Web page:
Vinyard last week announced that $700 million was being cut from budgets of the state’s five water management districts. More than $200 million of the cuts were from the districts’ land acquisition programs.
Earlier this year, Gov. Rick Scott vetoed $305 million in spending authority for the Florida Forever land-buying program. He included it in $600 million in total vetoes of what he called “special interest” spending in the 2011-12 state budget.
Environmental groups roundly criticized Scott for vetoing the spending, which would only have used proceeds from the sale of existing conservation lands.
Florida had the largest land-buying program in the nation with more than 2 million acres purchased since 1990. The program enjoyed support from Republican and Democratic governors before Scott took office this year.
The state and federal government together manage 32 percent — or 11.3 million — of the 34.7 million acres, according to DEP. But those figures may be somewhat misleading.
The federal government manages 5.4 million, while the state manages nearly 5.9 million acres. But hundreds of thousands of acres of federal land and more than 30 percent of state land is underwater — so it’s not like it was going to be developed or farmed anyway.
And questions like “How much is enough?” often gloss over the fact that there is more to the Florida Forever program than just the big land purchase.
Florida Forever also has paid for conservation easements on private agricultural land, seafood projects under the three-year-old Stan Mayfield Working Waterfronts program and community parks under Florida Communities Trust. Although Florida Forever has no new money, Florida Communities Trust this week awarded $17 million in left over past funding for eight new park projects.
Still, there are nearly 2 million acres on the Florida Forever list that are remaining to be purchased and there is no new funding in sight.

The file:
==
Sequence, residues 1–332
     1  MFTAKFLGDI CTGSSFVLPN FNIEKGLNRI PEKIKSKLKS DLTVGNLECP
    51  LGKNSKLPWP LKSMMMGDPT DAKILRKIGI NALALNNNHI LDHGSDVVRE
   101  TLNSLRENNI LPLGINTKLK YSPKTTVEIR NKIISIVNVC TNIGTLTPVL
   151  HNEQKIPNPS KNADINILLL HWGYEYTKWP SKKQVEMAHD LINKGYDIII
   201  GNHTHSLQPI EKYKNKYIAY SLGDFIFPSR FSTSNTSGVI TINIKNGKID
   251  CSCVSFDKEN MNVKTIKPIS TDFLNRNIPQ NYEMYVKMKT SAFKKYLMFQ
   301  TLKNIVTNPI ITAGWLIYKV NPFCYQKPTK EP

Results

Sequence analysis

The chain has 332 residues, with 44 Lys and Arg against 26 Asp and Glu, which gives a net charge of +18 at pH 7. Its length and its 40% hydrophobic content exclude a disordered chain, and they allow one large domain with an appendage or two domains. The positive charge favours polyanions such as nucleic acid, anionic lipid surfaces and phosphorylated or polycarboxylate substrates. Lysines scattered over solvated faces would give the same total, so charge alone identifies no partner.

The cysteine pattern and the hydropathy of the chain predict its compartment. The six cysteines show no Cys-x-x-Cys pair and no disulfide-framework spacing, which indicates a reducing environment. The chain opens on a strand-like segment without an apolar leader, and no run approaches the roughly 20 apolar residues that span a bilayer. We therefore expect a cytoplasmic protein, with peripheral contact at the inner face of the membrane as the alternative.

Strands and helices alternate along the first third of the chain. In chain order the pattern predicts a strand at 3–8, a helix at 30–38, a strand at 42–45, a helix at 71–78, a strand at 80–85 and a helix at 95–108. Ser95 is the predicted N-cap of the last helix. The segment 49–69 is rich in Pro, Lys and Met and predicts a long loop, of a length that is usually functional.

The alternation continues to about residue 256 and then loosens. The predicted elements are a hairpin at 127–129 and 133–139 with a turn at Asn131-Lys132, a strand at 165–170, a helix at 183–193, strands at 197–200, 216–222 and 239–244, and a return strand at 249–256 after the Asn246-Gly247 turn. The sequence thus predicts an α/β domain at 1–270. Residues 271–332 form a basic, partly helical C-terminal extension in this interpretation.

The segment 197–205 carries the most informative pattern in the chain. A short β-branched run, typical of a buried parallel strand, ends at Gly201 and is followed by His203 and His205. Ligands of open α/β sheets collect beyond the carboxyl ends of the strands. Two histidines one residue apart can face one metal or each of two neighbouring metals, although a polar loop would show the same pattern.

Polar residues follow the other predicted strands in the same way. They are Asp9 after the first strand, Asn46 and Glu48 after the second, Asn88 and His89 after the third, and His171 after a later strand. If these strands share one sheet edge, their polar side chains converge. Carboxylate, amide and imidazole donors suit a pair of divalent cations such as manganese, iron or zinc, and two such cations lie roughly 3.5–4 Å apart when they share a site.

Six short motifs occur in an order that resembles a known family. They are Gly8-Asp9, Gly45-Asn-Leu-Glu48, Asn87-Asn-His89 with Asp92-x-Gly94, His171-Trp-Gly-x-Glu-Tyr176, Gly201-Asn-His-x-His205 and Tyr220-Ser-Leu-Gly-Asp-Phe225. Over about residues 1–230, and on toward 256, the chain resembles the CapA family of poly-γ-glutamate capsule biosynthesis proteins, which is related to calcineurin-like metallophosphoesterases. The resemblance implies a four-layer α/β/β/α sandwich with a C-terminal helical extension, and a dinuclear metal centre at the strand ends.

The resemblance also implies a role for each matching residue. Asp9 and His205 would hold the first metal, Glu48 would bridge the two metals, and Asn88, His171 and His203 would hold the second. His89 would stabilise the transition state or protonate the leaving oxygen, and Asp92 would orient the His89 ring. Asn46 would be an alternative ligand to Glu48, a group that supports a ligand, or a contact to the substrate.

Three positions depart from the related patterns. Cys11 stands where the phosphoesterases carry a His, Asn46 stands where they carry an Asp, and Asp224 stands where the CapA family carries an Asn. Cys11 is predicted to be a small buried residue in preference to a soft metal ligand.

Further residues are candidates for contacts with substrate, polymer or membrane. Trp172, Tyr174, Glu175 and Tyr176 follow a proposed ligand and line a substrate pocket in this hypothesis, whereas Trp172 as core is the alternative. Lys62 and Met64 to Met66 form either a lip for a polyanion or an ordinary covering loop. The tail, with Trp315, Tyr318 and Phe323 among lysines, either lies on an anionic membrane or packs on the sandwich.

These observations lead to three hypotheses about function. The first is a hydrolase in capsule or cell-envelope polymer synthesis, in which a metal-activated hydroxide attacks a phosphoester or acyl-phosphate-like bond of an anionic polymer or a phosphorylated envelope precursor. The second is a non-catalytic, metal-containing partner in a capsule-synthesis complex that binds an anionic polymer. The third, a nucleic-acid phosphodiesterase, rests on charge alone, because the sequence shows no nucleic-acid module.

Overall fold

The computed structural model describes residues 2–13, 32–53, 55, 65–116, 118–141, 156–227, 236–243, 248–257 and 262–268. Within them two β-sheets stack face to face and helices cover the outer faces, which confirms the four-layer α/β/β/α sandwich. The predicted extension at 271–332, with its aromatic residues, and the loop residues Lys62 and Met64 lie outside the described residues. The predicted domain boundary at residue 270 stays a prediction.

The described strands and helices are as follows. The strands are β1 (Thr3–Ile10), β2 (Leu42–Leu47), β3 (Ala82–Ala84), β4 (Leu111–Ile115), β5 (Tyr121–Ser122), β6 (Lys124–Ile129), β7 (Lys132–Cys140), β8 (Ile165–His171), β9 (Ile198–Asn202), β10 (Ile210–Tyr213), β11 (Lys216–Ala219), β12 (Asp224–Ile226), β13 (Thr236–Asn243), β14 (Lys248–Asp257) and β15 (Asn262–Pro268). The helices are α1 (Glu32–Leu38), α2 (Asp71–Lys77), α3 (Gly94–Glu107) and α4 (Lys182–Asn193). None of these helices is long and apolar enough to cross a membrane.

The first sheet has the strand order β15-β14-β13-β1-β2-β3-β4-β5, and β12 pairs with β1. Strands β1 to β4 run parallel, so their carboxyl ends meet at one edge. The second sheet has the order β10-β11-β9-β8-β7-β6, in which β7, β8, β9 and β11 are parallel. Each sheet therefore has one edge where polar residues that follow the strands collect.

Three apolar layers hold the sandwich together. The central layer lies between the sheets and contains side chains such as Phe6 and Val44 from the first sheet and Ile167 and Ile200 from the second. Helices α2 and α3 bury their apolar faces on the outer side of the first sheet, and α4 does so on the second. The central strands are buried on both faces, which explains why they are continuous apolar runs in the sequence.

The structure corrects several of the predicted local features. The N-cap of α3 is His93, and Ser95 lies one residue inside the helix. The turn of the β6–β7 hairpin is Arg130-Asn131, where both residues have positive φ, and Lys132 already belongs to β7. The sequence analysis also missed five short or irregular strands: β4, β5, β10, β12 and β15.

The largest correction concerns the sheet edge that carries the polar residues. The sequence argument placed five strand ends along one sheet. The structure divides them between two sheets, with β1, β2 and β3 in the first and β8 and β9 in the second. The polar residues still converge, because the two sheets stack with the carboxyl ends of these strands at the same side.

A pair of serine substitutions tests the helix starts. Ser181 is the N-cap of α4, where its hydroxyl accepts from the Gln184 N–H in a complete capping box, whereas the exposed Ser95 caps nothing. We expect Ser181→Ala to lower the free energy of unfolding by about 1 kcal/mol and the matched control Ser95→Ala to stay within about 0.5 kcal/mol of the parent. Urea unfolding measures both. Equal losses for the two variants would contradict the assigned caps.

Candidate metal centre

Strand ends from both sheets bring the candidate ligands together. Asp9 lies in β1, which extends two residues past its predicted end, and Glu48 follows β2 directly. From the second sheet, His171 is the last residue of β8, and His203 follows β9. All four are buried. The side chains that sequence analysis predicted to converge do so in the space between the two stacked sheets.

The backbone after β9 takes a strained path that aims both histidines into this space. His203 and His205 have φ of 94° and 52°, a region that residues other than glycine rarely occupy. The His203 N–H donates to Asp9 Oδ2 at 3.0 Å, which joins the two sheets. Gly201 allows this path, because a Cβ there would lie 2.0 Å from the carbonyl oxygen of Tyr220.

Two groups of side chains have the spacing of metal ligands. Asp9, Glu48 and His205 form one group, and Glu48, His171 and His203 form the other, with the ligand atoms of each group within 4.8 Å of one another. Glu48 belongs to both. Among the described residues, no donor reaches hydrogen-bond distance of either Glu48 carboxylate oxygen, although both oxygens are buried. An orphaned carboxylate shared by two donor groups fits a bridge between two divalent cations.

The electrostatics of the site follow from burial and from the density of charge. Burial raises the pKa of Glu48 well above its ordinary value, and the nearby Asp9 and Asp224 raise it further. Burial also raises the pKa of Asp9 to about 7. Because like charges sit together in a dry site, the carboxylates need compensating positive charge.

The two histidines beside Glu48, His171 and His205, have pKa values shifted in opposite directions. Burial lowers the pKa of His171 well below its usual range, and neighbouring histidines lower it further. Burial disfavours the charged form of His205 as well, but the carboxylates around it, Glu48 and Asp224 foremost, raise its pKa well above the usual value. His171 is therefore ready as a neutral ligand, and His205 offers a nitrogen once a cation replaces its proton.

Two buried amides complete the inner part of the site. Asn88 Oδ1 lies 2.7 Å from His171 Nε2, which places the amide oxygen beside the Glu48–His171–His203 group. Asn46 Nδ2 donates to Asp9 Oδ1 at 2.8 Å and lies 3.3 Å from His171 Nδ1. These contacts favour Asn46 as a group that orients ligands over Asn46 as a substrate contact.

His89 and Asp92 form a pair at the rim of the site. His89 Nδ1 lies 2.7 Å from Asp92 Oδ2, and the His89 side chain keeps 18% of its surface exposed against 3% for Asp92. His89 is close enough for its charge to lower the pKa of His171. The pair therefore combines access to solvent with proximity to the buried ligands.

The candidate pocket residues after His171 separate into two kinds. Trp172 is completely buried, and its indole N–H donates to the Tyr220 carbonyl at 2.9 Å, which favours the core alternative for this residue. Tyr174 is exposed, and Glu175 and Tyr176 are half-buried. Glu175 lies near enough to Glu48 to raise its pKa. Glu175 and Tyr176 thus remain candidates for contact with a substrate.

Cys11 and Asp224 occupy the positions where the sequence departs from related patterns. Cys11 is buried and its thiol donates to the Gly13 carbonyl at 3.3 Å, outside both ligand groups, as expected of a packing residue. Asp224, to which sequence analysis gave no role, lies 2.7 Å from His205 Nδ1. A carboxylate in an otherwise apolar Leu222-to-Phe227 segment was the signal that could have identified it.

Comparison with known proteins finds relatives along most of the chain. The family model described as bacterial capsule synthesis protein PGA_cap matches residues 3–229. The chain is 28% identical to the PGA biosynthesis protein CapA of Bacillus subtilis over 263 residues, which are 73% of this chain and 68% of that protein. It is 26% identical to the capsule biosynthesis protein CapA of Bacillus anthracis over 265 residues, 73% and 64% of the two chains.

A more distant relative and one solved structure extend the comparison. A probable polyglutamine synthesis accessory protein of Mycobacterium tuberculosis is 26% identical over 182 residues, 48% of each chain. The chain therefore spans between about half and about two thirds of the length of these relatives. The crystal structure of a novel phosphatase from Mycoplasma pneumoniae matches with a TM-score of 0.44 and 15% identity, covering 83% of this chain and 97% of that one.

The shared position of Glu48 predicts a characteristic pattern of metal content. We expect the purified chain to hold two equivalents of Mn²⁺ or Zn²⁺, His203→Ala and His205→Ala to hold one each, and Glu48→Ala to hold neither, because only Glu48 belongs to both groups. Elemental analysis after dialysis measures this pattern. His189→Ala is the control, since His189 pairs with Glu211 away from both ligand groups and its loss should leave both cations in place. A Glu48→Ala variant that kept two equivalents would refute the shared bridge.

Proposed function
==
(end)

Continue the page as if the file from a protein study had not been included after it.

Vinyard said last week he thinks it’s important to hear from the public and elected officials on how much is enough conservation land in the state.
“I don’t see that there was any clear criteria about what we were buying other than it was for sale,” he said. “Clearly we had some big wins. Florida was able to acquire some beautiful lands for conservation. We will be thankful for that for generations to come. But I think we need to just take a pause and evaluate what we’re doing and why.”
Environmentalists defend the overall land-buying process as scientific but some say the purchase list could be given a closer look.
Eric Draper, executive director of Audubon of Florida, said he hasn’t hesitated to criticize DEP under Scott. But he also thinks there is a need for prioritizing future land purchases and deciding how to pay for them.
“I think that’s the discussion that Secretary Vinyard is prompting,” Draper said. “Audubon is not going to start out at the same place as Secretary Vinyard on this discussion. But I think this discussion has got to take place.”
“Because we’re (in reality) somewhere between ‘The state has too much land and needs to start selling some’ and ‘We need to buy everything on the Florida Forever list.’ Those two ideas are really far apart.”
“We public lands advocates need to come to the table and help provide some solutions,” Draper said.
(Story and photo copyrighted by Bruce Ritchie and FloridaEnvironments.com. Do not copy or redistribute without permission, which can be obtained from bruceBritchie@gmail.com.)